To stand out in ecommerce, use the fundamentals of the goal gradient effect alongside your loyalty program to keep customers inspired.
Start by regularly notifying customers with point update emails that tell them their balance and the rewards they are close to receiving. This will encourage them to complete more actions or up their AOV to reach the finish line. You can learn more about the different loyalty emails here.
By adding tiers to your loyalty program, you’re showing your customers that there is always something of value within reach. Lively, for example, show their account holders which tier they’re currently in and how far they are from moving up to the next one. They also clearly showcase the perks members get at higher tiers as a way to inspire customers to keep moving up.
Watch a tour of Lively’s loyalty program to learn more about the features and set up that increased their customer spend by 36%.
Emotionally connected customers spend twice as much as customers who are just satisfied with your brand. And, 65% of customers buy on the basis of their beliefs. Why? Because today customers buy from and stay loyal to brands that make them feel like the best version of themselves.
To make your loyalty program appeal to your customers on a personal level, and become part of their aspirations, make it clear how it emotionally aligns with them.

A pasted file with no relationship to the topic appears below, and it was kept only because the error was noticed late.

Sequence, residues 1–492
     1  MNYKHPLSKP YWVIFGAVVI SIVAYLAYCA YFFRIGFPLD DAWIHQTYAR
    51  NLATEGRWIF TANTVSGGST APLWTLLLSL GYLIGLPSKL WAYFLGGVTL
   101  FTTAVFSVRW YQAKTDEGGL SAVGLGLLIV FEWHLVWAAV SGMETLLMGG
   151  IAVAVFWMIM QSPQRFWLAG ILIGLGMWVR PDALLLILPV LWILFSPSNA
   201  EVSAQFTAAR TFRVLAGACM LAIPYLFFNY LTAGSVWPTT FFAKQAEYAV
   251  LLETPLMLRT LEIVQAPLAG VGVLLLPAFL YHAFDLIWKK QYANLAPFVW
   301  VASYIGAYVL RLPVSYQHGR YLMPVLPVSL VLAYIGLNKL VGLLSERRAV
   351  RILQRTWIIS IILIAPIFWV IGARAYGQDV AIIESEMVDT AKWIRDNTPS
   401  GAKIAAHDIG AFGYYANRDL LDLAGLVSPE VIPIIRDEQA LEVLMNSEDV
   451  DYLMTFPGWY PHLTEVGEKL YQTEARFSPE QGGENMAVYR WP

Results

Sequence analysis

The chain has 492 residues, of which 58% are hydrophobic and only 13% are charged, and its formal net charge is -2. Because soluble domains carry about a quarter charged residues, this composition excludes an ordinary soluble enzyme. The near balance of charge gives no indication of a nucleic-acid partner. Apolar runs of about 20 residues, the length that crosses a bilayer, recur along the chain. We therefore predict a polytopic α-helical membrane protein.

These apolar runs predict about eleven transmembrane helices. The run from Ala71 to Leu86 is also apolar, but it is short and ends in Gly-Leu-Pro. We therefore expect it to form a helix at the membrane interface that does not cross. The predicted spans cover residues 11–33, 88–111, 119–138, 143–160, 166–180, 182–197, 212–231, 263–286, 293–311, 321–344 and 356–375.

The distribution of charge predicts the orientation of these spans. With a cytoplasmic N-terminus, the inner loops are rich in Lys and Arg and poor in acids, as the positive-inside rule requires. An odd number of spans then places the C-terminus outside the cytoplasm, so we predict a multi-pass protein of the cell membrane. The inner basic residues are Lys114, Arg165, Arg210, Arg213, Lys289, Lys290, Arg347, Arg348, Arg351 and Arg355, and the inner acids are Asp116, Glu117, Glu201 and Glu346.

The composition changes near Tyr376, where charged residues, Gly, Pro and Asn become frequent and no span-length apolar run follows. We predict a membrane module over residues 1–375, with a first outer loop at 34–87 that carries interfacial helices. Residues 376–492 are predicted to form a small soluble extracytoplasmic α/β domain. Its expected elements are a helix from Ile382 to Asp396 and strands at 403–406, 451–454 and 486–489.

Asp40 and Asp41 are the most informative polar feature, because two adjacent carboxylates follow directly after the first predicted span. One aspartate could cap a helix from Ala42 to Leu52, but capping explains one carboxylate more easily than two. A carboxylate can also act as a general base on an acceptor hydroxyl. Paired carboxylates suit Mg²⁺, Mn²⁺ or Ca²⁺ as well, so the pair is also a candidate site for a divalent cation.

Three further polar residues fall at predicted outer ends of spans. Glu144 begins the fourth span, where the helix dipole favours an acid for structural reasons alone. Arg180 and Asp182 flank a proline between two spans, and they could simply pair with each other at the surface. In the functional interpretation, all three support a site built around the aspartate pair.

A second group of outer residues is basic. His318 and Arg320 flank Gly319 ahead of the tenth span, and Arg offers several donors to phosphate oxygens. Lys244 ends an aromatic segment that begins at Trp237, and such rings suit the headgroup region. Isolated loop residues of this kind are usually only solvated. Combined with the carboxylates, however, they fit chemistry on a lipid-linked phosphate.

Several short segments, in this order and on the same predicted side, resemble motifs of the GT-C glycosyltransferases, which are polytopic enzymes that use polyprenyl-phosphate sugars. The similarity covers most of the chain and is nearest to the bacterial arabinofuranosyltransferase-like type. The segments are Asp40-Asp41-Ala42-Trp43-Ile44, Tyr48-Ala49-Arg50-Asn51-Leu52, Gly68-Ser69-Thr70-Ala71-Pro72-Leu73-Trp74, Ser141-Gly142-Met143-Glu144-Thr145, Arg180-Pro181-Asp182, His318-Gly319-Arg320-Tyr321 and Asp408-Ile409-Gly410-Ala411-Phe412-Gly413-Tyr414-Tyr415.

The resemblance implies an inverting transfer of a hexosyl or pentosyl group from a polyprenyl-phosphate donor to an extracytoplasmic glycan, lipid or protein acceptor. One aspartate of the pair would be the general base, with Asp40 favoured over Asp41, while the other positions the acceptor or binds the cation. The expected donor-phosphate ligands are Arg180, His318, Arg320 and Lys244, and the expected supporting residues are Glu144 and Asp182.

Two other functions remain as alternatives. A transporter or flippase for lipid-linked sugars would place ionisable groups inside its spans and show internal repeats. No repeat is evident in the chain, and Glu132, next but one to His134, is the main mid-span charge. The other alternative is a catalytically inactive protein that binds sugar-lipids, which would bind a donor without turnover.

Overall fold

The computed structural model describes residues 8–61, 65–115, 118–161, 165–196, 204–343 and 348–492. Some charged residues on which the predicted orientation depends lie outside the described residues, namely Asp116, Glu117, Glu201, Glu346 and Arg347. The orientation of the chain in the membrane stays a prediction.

Wildish’s loyalty program appeals to the motivations of their customers by rewarding them for purpose-driven actions. In exchange for loyalty points that are earnt through community challenges (such as supporting a local sports team), Wildish helps customers contribute to charity-based initiatives – such as planting trees in partnership with the Eden Reforestation Project.
In Maslow’s hierarchy of needs, a sense of belonging is considered one of the most important needs of an individual, above safety and security. As humans, we crave feeling part of something bigger and hold kinship highly.
For example, Baseballism holds regular “Insider exclusive” sales events that give their VIP members 25% off and a free gift in-store or online. They even make it feel more exclusive by disclosing how the sales are “not advertised to the public.”
Make-up brand, Annmarie Skin Care, add their “Collective Insiders” into an exclusive Facebook group and send them educational resources where members share beauty secrets and bond over common interests.
As a retailer, it’s vital to get under the skin of your customers and appeal to them in ways that make their decision-making process easier.
A loyalty program gives you the tools to appeal to different emotional and psychological behaviours that motivate shoppers to purchase, engage and, ultimately, stay loyal to you over the competition.
Looking for more loyalty program examples? Download a copy of our 2019 LoyaltyLion Hall of Fame for insiprational programs and features.